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The selections in this book are from Standard Authors. The best thanks of the author are due to those who have generously given permission for the insertion of extracts from their works.
Thanks are also due to Messrs. CASSELL, PETTER, & GALPIN for leave to insert illustrations from some of their special publications.
NOTE.—Lessons marked with an asterisk (*) are in Poetry.
HOW WINDS ARE CAUSED
THE RELIEF OF LUCKNOW
THE SIEGE OF CALAIS
RE-VISITING THE HOME OF CHILDHOOD
A GREAT ENGLISH SEA VICTORY
(From the "Leeds Mer-
FIFTH READING BOOK.
INDUSTRY. ab-so-lute, complete.
prod.i.gal - i-ty, wasteful. con-sumes, wastes ; destroys. dis.charge, here means, to pay. squan-der, spend uselessly. dis-eas-es, sicknesses.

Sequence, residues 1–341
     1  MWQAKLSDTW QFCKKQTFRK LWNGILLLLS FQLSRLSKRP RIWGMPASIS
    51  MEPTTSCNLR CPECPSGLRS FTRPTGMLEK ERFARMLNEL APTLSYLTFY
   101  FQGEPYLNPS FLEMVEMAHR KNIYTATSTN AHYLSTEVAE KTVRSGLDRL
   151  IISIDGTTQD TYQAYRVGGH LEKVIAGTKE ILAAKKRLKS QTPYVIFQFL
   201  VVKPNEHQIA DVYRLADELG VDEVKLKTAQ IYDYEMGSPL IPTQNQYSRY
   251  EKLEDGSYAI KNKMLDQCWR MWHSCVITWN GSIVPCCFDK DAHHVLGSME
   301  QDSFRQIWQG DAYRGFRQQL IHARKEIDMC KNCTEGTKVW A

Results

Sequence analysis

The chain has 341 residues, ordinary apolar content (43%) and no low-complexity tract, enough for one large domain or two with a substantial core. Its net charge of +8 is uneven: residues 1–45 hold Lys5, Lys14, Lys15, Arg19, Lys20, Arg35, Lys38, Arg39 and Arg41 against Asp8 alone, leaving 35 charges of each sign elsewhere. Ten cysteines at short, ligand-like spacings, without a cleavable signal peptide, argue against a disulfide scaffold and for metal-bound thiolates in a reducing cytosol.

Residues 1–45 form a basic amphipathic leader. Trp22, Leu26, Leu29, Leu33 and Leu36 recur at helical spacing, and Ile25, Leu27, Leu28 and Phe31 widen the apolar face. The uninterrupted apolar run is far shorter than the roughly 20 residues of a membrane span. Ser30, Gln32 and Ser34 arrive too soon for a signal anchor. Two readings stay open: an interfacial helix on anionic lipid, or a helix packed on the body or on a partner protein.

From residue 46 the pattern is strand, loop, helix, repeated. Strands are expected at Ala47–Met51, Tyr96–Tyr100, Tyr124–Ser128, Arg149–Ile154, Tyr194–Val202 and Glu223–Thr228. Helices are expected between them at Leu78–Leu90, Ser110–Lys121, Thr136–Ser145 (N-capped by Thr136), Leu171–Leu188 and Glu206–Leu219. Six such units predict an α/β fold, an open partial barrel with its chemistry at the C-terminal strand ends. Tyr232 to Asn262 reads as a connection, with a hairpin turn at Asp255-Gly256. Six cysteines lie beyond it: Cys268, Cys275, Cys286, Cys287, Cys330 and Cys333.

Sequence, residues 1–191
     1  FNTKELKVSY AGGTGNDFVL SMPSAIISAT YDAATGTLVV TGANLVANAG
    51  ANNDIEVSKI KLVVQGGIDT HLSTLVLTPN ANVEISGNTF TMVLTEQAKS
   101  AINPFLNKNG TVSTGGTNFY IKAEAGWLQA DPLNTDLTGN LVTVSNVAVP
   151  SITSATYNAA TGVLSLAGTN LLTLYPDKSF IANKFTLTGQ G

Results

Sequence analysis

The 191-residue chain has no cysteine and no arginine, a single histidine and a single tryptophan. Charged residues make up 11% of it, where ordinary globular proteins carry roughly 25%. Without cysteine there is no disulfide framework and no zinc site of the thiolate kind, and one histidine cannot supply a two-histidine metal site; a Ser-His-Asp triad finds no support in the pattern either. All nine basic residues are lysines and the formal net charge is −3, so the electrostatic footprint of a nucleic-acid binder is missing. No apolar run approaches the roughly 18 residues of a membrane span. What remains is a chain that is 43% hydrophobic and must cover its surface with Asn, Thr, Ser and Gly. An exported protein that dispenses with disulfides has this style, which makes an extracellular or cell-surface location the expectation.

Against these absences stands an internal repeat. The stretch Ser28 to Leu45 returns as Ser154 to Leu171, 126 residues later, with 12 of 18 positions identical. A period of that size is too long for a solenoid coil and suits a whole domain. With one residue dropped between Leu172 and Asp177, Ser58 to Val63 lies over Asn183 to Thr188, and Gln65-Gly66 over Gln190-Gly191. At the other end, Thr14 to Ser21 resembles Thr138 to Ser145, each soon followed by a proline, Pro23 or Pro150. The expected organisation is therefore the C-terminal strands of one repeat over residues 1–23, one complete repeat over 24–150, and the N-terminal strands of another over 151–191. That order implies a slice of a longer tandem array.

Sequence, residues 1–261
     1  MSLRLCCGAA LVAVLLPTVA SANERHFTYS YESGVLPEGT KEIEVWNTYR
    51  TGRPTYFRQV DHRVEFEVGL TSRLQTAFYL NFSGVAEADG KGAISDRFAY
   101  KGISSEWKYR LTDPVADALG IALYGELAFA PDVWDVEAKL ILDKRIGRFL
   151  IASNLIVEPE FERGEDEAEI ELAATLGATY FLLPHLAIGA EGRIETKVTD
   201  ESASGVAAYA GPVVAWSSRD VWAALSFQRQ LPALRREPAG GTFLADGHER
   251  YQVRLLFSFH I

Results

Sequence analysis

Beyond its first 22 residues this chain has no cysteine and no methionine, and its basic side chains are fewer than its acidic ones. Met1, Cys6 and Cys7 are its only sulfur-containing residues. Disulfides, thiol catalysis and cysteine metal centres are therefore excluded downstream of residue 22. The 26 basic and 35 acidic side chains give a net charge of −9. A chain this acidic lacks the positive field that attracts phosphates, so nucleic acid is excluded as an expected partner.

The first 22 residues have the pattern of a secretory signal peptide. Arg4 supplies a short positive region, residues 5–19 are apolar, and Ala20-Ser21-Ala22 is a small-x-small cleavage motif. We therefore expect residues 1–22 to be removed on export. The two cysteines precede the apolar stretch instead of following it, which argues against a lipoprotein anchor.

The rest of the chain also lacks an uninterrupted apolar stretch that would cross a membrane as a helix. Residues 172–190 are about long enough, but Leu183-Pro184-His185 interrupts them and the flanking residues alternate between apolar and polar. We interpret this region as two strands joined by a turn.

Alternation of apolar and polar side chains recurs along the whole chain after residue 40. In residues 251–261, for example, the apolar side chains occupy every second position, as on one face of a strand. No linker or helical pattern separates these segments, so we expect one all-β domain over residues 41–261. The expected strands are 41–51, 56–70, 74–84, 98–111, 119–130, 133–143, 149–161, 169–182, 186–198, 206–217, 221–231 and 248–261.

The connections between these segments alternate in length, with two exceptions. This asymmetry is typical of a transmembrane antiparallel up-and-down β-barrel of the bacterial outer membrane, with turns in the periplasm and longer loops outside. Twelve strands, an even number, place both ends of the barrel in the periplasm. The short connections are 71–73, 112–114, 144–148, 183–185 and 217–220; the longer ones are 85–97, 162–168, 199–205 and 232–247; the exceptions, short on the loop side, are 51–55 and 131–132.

bail-iff, an officer who arrests the taxes, the charges men for debt, who collects made by the State for pay.
fines, &c. ing the cost of government con-sta-ble, an officer who and of the defence of the preserves public order; a country.
policeman. 1. Friends and neighbours, the taxes are indeed very heavy. If those laid on by the government were the only ones we had to pay, we might more easily discharge them; but we have many others, much harder to bear for some
2. We are taxed twice as much by our idleness, three b times as much by Mahalles our pride, and four times as much by our folly : and from tliese